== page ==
Heltor Chasca wrote:Here's a good read: http://www.theecologist.org/reviews/boo ... empel.html

I didn't fall out any trees today BTW, I ended up planting more instead. Where does that leave me on my book challenge?

I think I'll buy it anyway! [emoji1]

Thank you. I'm glad you survived. And yes, that's a very good book, the one that actually inspired this trip. Happy planting!

Re: Unique Cycling Tour...Riders Wanted

CTC Forum - Touring & Expedition - 11 March 2015 - 3:59pm
Here's a good read: http://www.theecologist.org/reviews/boo ... empel.html

I didn't fall out any trees today BTW, I ended up planting more instead. Where does that leave me on my book challenge?

I think I'll buy it anyway! [emoji1]

Re: Tour of Brittany

CTC Forum - Touring & Expedition - 11 March 2015 - 3:40pm
Another plus for the plan suggested above! May'll be a lovely time to go, once you've got your heads round the fact that either you will need to cycle through lots of rain, or else if not, you have been very lucky! As usual, when I read of such exploits, I am Green with envy! Might even go myself!!

Going on a Crazy Adventure

CTC Forum - Touring & Expedition - 11 March 2015 - 3:30pm
Hello Everyone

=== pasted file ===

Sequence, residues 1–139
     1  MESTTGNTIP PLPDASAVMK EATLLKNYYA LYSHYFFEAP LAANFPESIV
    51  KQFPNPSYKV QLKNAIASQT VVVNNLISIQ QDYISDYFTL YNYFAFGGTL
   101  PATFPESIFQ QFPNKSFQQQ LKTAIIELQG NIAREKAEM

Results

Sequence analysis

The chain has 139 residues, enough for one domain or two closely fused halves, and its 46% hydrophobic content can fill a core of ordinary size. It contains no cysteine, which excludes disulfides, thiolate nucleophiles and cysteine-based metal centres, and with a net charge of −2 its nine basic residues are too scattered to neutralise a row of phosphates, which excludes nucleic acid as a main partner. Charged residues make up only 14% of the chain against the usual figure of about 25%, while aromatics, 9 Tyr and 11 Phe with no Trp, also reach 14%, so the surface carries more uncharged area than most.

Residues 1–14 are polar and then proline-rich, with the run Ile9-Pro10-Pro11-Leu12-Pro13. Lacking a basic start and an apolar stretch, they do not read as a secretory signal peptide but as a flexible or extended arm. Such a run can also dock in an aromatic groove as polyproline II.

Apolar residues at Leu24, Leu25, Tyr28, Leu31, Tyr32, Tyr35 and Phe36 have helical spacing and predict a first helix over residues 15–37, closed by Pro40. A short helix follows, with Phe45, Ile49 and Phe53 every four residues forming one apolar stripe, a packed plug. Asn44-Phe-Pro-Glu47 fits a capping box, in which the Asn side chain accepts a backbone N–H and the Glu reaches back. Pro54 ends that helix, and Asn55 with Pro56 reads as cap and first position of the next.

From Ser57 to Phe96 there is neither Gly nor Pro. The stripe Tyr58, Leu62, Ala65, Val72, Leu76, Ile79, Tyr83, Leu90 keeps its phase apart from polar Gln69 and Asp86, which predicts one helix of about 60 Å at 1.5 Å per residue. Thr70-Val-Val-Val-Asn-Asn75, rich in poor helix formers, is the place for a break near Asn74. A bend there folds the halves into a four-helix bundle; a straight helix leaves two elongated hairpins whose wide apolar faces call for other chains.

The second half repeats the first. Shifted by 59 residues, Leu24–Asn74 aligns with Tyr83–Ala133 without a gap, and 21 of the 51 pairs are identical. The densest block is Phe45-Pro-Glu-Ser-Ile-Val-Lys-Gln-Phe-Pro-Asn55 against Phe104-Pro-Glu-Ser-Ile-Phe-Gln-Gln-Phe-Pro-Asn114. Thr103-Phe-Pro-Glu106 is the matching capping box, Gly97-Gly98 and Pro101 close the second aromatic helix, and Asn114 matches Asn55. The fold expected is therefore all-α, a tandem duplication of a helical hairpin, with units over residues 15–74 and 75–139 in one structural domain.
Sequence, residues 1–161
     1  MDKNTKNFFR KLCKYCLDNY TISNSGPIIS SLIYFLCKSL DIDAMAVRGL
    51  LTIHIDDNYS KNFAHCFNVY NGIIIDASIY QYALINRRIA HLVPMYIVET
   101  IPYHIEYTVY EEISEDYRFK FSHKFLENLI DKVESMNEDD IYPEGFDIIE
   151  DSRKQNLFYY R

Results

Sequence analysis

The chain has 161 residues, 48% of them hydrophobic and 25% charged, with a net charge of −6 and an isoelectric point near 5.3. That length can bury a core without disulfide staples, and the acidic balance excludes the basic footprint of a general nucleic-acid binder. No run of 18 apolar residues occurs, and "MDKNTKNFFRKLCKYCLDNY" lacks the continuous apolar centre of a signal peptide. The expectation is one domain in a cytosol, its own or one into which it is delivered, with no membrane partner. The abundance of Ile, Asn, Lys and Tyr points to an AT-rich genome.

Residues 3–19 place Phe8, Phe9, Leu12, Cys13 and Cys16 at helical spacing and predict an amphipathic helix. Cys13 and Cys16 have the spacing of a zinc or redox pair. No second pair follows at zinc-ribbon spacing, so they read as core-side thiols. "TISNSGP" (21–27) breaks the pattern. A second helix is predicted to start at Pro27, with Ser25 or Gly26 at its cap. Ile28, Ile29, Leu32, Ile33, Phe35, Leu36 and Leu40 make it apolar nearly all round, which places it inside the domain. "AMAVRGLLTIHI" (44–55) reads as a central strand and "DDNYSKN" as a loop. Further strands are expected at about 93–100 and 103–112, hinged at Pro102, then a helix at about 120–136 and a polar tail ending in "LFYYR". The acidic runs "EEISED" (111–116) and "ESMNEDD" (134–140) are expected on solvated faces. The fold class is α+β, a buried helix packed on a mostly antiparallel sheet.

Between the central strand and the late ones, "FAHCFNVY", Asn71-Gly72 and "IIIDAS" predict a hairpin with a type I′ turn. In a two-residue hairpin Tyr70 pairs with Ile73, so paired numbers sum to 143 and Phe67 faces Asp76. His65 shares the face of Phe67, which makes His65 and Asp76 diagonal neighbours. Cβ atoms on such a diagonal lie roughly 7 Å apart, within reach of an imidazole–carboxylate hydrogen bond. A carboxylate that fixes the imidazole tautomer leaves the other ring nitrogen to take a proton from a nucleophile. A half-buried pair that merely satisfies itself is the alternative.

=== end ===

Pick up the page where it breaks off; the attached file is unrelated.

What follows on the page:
I put a limited bio here for those interested, but if you really want to learn about me you should [url][url]visit my website[/url][/url] (that’s what I built it for) as to type it all out would take away from what I am looking for.
My name is jay of course, I was supposed to buy a boat and sail around the world but I got scammed out of a lot of money on that deal. Then I was going to backpack Central America but then my friend wasn’t ready to go. Well now I sit here in Florida with my brand new passport and I am ready to go. I am going to outline my plan of my jump point and then some ideas for my trip. Obviously some of these (if not all) will be outrageously impossible, but then again what is fun if we can’t live in life!
Right now my plan (which is in its infant stages) includes the following. I want to fly to Cancun from Florida, there I will take my bike (or backpack if I don’t go the bike route) and ride to town. After staying two days in Cancun I plan on heading west towards the Yucatan jungle. After exploring some really interesting places there I plan on diving south east towards Belize. Once I reach Belize I plan on crossing into Guatemala where hopefully my friend will finally have arrived. He owns a house (several houses) on Lake Atitlan and I want to stay with him before continuing south.